We really haven't have a mass shooting like the one in Newton. The thought of someone opening fire at small children is beyond horrifying. We don't have a word for it. Having said that, mass shootings have become a depressingly frequent topic
Now that a few days has passed, what does this incident - and other
episodes of random gun violence - tell us about the need for stricter
There are a few guiding principles for such a
conversation. The first is that, however awful, mass shootings probably
have little to tell us about what our gun policy should be. They get a
great deal of attention but are a small fraction of gun homicides.
Placing too much attention on them is likely to create misguided policy.
Second, such a conversation should be tempered by constitutional,
political and practical realities. We are not about to ban the private
ownership of guns in the United States. It would be unconstitutional and
politically impossible. More fundamentally, it would be close to physically
impossible. There are, by most accounts, well over 200 million guns in
private hands in the United States. Even if we prevented another one
from being made or sold, they'd be around for a very long time.
We might prevent sane, law abiding citizens from owning them but they are not the ones that we are worried about. Anyone who would shoot up a school or a shopping center is unlikely to be deterred because it is illegal to oen the gun with which he does it.
Third, the irony seems to be that gun controls laws offer relatively
little prevention with respect to situations like this. In most cases,
no set of reasonable regulations would have prevented the shooter from
purchasing a firearm. The profile for a mass shooter has become almost a
cliche. In most cases, he will turn out to be a "quiet guy" who was
"strange" but who "no one would have expected" to do what he did.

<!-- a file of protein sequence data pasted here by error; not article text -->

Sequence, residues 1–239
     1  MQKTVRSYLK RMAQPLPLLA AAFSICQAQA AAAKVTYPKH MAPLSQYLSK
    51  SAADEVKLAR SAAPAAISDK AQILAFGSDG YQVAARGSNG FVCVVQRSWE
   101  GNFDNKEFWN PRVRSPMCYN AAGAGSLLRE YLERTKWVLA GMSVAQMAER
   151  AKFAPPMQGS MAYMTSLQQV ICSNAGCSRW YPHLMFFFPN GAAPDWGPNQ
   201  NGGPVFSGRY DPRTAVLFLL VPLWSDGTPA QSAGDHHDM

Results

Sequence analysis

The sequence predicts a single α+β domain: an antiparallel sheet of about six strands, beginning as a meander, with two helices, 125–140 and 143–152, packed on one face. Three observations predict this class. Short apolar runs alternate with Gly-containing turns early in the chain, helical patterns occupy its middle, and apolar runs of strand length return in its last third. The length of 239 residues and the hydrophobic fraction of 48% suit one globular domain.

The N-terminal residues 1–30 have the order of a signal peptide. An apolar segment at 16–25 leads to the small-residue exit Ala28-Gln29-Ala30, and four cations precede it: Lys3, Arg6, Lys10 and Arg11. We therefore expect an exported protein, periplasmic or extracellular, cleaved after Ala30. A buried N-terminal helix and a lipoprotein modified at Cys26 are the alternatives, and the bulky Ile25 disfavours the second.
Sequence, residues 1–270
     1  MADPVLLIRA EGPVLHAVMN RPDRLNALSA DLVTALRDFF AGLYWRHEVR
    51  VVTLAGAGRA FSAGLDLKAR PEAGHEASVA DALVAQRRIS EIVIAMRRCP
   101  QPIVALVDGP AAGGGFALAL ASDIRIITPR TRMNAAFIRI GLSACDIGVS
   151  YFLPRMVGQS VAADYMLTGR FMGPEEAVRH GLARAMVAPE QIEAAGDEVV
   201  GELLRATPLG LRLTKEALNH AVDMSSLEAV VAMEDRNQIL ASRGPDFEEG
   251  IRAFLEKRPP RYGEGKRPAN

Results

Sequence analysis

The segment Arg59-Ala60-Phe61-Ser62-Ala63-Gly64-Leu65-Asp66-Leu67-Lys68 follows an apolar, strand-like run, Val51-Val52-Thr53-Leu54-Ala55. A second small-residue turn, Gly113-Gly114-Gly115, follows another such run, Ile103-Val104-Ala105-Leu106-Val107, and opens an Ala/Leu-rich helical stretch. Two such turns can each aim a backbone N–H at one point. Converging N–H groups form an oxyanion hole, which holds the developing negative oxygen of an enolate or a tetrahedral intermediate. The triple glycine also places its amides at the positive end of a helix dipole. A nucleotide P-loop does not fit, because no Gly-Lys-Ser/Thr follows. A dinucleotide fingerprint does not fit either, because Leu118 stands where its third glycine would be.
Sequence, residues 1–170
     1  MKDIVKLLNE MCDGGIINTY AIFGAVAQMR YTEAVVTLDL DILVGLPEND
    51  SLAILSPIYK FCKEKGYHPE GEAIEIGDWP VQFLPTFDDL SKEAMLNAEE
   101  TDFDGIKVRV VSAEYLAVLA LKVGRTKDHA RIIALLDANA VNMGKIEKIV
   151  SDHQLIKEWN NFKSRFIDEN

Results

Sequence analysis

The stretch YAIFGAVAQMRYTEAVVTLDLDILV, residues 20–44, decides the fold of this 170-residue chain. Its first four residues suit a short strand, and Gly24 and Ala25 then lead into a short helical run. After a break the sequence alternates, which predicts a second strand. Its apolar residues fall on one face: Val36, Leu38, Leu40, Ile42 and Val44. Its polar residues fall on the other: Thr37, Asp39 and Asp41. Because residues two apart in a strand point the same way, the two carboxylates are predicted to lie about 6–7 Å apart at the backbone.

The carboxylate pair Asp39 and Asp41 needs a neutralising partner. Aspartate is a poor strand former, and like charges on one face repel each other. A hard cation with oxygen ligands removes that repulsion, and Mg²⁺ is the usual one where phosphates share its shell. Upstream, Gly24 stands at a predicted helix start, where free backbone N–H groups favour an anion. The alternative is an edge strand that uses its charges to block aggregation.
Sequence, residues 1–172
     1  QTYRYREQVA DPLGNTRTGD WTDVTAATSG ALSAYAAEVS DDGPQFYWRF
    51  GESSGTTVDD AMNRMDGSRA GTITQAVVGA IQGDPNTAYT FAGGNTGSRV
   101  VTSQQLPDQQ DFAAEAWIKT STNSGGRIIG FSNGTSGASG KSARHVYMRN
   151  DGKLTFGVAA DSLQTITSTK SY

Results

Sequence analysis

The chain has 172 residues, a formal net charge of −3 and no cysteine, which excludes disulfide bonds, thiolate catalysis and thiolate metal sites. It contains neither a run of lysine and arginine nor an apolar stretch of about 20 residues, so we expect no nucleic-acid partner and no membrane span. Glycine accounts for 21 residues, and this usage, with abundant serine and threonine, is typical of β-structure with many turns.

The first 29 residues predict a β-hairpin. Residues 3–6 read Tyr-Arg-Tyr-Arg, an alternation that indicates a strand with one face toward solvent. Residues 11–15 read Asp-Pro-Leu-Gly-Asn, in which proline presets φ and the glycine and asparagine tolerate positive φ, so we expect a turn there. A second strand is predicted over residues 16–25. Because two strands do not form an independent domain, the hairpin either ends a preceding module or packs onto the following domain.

Perhaps people who were close to him knew that something was seriously
awry but it's hard to imagine a legal screen that would take into
account such amorphous "danger signs." Calls to stop selling guns to
people with "mental illness," gloss over the difficulty in determining
who those people are.
Fourth, we talk about regulation on the type of weapons that can be sold and the process by which they are purchased. While it is true that
"guns don't kill people,people kill people," it is certainly easier to
kill a lot of people with a rifle than a baseball bat. But the list of restrictions that might make a material difference in the mass shooting context is short.
It might be reasonable to limit magazine
size, but people who know guns better than I do say that this is not
likely to make much difference. One could, I suppose, ban semi-automatic
weapons - often misleadingly called "assault" weapons. That might slow a shooter down but how much difference it
would make is unclear. Whatever "benefit" there is in such a restriction must be balanced against the cost in reducing the effectiveness of weapons for personal defense. There probably ought to be background checks for private gun sales, but we shouldn't fool ourselves into thinking that would be a momentous reform.
In the end, the desire to make this go away by passing a law is
understandable, but misplaced. This type of tragedy cannot be prevented
by fiat. It is, in fact, unclear that it can even be made less likely.
The problem is not in our laws, but in ourselves.
Cross posted at Purple Wisconsin.